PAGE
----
You can search the 1950 US Census!

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Searching the 1950 US Census will be an awkward and cumbersome search until every field is indexed. But you can give it a try.

Be sure you to navigate to the search page:  https://1950census.archives.gov/search

The 1950 US Census NARA Search Page



The search has limited features that include: name, state, county and enumeration district. You do not have to enter search terms any field. For example, you can leave the county or the enumeration district blank.

1950 US Census Search Inputs


If you cannot see the population schedule sheet for the search result on the right, click on “Population Schedule” to see the actual census sheet.

Of course I had better luck in small towns with families having unique names. Just as in any census, try to search for unusual family names. I have even had some success searching boroughs of New York City.

How about a quick hands-on exercise to find a name on the census? I have a simple example using my favorite poet, Ogden Nash.


Name: Frederick Ogden Nash
State: Maryland

1950 US Census Search fields for Ogn Nash


The first result on the right-hand side, listed Odgen Nash (rather than Frederick Ogden Nash) and showed him with his wife Frances, and his children Linell and Isabel. Note: this result came up without entering a county or enumeration district.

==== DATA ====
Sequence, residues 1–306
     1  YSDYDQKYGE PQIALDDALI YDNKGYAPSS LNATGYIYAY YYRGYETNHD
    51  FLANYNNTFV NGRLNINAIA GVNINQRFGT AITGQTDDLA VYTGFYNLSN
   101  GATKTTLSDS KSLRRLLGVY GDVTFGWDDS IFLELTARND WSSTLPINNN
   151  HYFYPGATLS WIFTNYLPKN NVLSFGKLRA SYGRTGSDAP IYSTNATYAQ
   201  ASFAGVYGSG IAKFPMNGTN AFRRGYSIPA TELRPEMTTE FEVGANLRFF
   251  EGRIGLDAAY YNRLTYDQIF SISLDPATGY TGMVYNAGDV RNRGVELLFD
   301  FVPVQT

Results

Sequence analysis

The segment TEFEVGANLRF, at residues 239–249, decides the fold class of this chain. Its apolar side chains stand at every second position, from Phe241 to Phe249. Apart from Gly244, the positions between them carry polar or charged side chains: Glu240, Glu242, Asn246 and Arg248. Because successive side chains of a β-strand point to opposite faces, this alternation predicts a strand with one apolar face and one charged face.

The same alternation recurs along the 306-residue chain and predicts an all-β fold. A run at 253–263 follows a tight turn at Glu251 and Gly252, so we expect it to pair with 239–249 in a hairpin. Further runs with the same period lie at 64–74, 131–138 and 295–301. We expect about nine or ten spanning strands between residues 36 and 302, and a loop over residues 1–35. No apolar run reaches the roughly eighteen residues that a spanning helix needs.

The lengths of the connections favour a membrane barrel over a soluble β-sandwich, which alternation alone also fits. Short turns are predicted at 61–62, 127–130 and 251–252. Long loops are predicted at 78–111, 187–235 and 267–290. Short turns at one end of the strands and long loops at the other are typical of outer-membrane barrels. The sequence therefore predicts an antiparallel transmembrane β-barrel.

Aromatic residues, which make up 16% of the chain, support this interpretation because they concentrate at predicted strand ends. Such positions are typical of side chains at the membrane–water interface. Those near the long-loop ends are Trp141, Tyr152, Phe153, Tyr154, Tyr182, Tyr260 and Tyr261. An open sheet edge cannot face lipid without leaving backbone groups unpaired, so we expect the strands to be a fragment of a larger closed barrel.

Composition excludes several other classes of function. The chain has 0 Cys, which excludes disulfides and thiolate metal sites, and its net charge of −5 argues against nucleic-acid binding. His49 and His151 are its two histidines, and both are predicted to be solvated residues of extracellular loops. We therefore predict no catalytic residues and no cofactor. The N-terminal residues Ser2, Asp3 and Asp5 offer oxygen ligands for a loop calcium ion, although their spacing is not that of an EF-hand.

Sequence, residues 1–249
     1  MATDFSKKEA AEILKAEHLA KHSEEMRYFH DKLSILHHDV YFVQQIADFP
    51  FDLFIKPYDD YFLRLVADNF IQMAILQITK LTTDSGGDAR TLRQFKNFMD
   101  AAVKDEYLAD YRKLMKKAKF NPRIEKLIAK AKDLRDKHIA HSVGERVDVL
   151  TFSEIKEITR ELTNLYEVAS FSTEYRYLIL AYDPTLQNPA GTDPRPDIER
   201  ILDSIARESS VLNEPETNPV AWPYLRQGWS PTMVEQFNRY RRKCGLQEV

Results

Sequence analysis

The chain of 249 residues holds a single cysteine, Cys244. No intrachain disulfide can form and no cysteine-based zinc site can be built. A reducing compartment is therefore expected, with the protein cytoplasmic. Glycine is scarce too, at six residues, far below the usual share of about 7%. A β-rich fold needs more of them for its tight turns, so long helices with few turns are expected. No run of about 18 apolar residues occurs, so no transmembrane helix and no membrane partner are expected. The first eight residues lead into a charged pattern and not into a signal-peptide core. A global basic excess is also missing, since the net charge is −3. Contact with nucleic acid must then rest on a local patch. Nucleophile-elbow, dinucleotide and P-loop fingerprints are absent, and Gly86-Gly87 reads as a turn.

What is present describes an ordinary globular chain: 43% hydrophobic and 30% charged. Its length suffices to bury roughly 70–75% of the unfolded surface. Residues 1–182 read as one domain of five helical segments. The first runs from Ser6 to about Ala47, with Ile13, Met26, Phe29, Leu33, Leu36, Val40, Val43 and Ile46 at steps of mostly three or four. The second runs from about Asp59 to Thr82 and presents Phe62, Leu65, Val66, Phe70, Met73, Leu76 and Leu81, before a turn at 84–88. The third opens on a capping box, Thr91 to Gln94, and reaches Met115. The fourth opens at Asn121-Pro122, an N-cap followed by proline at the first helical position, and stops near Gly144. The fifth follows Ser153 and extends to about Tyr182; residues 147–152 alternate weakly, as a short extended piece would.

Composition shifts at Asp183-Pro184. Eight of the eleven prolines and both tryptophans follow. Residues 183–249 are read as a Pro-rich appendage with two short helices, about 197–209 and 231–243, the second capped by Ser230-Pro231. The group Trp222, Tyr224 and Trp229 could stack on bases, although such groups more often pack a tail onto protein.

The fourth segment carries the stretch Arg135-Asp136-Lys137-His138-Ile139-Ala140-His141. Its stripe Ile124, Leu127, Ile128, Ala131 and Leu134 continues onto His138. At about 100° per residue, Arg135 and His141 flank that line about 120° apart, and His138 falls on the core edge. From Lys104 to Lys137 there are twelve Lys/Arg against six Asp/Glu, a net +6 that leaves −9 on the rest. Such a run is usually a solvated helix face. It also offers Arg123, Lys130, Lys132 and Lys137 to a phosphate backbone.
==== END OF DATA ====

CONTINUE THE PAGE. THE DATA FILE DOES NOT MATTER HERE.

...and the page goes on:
Ogden Nash search result in 1950 US Census

On the bottom of each search result is the “Machine Learning (AI) Extracted Names” section that can help by showing you the names that appear on the same census sheet. The AI-generated indexing was surprising to me because it does try to offer alternate spellings of names.

Odgen Nash and family in 1950 US Census

To download the sheet, click on the three dots that appear under “Help Us To Transcribe Names” to see the option to download the sheet.

Option to download

Only the first entry is expanded. If your family member is in one of the other entries, click on “Population Schedule” to see the actual page of the census.

Multiple results (unexpanded)

And the population schedule for that result will expand. (Only one population schedule sheet will appear in the results on the right at one time.)

Expanded Population Schedule

I have posted a short video on our YouTube channel with the example search in action at: https://youtu.be/rLgq2nqNmbA

Let me know how you do.

Speaking at RootsTech Connect 2021!

RootsTech Connect Speaker badge

This year RootsTech is all virtual and free to register! Have you registered?